Index Page


Authentic or Perfect Cadence - This is a perfect or Complete V-1 Cadence.
The V being the dominant chord progressing to the tonic or the I.

Church or the Plagal Cadence - This is the IV - I Cadence used often with the Amen at the end of a hymn.

Deceptive Cadence - This is generally the V - VI Cadence.

Imperfect Cadence - The imperfect cadence progresses from the Tonic to the Dominant Chord, I - V.

Cadenza - an ornamental passage near the end of a solo

Calando - gradually decreasing the time and tone

Canon - The Pcahabel Canon is accepted as the most famous and best loved Canon of all.
The Canon follows a specific pattern, it adheres to the most strictest form of contrapuntal compostion.
This pattern is able to have variations within the patterns. The above mentioned composition is an excellent source to understand the concept and hear the progressions and wonderful melody line.

Cantabile - in a singing style

Cantando - in a singing style

Cantilena - melody or air. This is the most principal part in all compositions which is the main melody line.

Capo - the beginning, the top

Cappella - a church, a band Of musicians that play in a church

Carezzando - in a tender manner

Chromatic - Motion by half steps

Chromatic scale - A scale composed of 12 half steps.

Circle of fifths - The succession of keys or chords proceeding by fifths.

Clef - The symbol used at the beginning of a staff to indicate which lines and spaces represent which notes. In modern practice,only three clefs are commonly used, the G clef or treble clef, the F clef or bass clef, and the C clef, when used as an alto clef.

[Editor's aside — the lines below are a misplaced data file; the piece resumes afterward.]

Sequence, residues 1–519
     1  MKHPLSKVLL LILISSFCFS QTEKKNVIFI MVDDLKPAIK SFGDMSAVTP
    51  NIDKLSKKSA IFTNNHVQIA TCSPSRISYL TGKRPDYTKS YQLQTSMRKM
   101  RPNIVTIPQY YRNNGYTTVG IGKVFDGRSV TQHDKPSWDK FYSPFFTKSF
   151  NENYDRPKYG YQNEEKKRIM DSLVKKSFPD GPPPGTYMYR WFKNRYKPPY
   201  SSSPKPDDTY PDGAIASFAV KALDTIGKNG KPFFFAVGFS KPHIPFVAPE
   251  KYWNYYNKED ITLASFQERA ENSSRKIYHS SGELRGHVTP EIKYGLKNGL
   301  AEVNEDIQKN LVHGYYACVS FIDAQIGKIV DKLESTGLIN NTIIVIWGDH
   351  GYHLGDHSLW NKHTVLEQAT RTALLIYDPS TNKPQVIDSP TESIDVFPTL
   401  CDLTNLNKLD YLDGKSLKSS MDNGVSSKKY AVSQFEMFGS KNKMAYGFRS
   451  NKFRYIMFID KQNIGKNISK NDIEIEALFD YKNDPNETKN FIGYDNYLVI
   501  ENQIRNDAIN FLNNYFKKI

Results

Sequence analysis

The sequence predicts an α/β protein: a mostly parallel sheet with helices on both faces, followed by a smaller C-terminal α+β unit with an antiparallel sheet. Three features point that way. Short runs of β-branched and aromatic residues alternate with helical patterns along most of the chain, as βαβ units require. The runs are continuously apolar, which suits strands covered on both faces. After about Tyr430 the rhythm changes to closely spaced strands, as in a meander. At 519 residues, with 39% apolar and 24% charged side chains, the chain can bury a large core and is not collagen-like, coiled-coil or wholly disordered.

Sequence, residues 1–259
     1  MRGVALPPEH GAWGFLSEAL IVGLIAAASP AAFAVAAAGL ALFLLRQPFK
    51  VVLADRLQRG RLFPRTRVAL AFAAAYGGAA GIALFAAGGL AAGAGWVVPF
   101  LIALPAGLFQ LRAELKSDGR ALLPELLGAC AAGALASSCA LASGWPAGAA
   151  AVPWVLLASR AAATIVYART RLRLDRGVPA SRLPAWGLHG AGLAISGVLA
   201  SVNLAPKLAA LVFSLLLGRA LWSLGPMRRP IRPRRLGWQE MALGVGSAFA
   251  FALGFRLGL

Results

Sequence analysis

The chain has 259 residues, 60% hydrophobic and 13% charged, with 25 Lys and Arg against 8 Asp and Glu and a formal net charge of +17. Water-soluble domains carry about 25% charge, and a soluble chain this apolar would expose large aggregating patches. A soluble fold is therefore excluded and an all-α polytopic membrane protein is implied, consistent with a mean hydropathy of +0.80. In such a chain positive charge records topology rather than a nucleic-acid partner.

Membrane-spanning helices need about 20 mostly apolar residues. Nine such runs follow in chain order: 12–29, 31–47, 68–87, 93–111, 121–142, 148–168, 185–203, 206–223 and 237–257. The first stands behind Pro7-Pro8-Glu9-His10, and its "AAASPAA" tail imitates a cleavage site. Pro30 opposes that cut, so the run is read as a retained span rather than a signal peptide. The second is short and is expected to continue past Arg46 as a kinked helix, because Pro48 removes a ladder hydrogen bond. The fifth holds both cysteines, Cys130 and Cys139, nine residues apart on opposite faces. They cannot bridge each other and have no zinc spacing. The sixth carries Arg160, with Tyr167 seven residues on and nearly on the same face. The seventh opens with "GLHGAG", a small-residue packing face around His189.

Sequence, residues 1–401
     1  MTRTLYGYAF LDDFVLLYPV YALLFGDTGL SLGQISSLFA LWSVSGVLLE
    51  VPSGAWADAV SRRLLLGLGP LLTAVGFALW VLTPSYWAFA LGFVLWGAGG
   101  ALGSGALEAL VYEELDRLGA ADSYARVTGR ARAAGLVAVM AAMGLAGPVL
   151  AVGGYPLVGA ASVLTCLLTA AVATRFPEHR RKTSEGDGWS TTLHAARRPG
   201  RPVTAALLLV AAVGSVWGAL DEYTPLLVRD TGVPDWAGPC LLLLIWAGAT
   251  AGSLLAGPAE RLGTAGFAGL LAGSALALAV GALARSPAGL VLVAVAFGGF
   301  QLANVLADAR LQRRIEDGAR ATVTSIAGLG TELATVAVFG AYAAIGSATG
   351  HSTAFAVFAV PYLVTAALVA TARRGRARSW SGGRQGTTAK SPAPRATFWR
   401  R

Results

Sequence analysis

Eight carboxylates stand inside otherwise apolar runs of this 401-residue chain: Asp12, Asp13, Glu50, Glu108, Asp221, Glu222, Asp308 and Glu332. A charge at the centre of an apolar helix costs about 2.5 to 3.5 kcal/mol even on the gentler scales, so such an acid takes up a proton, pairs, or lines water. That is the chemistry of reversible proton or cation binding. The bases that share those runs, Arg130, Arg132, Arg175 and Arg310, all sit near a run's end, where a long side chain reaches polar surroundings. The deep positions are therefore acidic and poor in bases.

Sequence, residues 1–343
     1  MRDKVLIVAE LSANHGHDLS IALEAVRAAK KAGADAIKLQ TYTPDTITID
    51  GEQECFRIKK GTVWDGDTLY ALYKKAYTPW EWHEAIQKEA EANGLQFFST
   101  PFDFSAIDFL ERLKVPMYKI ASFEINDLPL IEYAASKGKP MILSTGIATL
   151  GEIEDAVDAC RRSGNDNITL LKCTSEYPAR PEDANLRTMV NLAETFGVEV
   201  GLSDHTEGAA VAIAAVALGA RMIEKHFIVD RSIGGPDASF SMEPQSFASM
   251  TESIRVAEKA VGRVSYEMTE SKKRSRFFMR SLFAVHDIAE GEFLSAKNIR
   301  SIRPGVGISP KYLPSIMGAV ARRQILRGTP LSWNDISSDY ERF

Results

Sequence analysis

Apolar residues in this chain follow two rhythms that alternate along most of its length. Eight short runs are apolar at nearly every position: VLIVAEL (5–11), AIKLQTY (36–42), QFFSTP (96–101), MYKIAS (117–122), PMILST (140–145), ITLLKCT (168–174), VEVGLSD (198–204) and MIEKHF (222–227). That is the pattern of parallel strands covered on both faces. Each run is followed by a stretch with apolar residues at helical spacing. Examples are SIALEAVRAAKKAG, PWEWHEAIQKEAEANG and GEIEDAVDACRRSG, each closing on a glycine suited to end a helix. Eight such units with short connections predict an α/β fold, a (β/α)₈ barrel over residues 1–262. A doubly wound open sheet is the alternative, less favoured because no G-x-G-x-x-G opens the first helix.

Coda - Closing section of a composition. An added ending.

Common Time - 4/4 meter

Compound Interval  - An interval greaterthan an octave, such as a ninth, or eleventh.

Con - with (for various phrases beginning with con see other words)

Concert pitch - The international tuning pitch - currently A 440 or 442.
The pitch for non-transposing (C) instruments.

Concerto - A musical composition written for a solo instrument. The soloist plays the melody while the orchestra plays the accompaniment.
If the solo instrument is a violin then the piece is called a “violin concerto”, if it is a piano it is then called a “piano concerto”, and so on.
The word “con
certo” is an Italian word, the second “c” is pronounced like an English “sh”
(when you break it up and spell it the wrong way and pronounce this way it sounds like "con-shirt-oh". It means “playing together”.

Con spirito - With spirit.

Contra - The octave below normal.

Contralto - the deepest female voice

Counterpoint - The technique of combining single melodic lines or parts of equal importance.

Crescendo - gradually louder

Cut time - 2/2 meter

Glenn Bonney's Music School © 2000